To the original poster: Your question isn't exactly clear.
If you are at full Social Security retirement age and are receiving benefits and are still working then for every three dollars you earn above the limit ($13560 in 2008 ) you'll forfeit $1 in social security payments. This is only true for the year you reach full SS retirement age.
If you are below full retirement age then you'll forfeit then for every two dollars you earn above the limit ($13560 in 2008 ) you'll forfeit $1 in social security payments.
When you are older thean full SS retirement age then there is no earnings penalty.
Here is the text from the SS website concerning the special rules in the year in which you retire:
Special rule for the first year you retire
Sometimes people who retire in mid-year already have earned more than the yearly earnings limit. That is why there is a special rule that applies to earnings for one year, usually the first year of retirement. Under this rule, you can get a full Social Security check for any whole month you are retired, regardless of your yearly earnings.
In 2008, a person under full retirement age for the entire year is considered retired if monthly earnings are $1,130 or less. For example, John Smith retires at age 62 on October 30, 2008. He will make $45,000 through October.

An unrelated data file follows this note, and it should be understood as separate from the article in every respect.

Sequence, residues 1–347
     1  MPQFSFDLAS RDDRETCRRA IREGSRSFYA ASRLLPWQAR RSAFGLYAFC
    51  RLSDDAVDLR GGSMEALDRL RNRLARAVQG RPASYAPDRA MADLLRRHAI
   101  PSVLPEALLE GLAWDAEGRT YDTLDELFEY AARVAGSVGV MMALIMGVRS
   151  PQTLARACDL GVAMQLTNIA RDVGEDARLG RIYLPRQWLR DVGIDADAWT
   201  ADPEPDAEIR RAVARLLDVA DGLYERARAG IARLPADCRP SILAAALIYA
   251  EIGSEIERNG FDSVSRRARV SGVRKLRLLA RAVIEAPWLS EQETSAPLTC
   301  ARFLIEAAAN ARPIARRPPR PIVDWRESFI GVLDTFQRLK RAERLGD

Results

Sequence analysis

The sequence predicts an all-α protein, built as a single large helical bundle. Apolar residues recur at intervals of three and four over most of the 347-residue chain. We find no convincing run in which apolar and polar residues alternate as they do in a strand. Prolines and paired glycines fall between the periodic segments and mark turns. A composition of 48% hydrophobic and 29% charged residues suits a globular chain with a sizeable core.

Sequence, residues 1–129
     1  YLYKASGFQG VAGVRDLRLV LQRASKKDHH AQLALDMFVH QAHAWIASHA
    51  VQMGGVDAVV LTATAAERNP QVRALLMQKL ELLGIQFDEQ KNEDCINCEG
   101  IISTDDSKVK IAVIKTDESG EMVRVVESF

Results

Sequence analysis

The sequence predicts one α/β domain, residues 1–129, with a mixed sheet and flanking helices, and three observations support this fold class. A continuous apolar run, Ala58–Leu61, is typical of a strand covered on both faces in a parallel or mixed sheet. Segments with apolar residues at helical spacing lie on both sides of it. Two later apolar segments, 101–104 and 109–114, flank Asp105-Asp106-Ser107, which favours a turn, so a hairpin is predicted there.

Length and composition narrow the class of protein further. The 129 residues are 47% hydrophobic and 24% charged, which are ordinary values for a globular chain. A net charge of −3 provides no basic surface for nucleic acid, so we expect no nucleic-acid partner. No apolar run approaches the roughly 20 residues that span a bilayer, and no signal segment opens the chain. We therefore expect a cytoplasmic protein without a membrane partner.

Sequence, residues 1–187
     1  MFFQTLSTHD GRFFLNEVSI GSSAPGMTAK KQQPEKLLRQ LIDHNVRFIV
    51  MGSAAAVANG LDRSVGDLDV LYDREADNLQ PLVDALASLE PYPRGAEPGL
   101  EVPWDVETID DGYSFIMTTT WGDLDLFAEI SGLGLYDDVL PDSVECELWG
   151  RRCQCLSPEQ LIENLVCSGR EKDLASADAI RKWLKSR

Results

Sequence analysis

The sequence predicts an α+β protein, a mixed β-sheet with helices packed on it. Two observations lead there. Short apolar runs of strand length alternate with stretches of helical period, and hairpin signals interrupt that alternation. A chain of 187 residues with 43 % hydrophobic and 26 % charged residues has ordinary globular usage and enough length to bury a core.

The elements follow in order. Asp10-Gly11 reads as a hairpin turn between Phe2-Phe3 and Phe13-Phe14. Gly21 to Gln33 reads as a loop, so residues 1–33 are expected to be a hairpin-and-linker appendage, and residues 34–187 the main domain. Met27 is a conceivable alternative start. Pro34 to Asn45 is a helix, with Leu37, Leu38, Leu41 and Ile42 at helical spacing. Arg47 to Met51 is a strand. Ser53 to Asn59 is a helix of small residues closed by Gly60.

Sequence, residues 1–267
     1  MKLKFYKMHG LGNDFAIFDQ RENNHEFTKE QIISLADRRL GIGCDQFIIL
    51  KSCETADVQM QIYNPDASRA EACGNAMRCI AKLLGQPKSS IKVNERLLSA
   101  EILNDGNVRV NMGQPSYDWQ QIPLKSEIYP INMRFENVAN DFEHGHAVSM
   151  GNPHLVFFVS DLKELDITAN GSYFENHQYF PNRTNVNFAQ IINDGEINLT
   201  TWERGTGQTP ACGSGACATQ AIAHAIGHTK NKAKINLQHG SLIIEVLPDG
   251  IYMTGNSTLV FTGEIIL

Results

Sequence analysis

He takes a part-time job beginning in November earning $500 per month. Although his earnings for the year substantially exceed the 2008 annual limit ($13,560), he will receive a Social Security payment for November and December. This is because his earnings in those months are $1,130 or less, the monthly limit for people younger than full retirement age. If Mr. Smith earns more than $1,130 in either of those months (November or December), he will not receive a benefit for that month. Beginning in 2009, only the yearly limits will apply to him.
Also, if you are self-employed, we consider how much work you do in your business to determine whether you are retired. One way is by looking at the amount of time that you spend working. In general, if you work more than 45 hours a month in self-employment, you are not retired; if you work less than 15 hours a month, you are retired. If you work between 15 and 45 hours a month, you will not be consiconsidered retired if it is in a job that requires a lot of skill or you are managing a sizable business.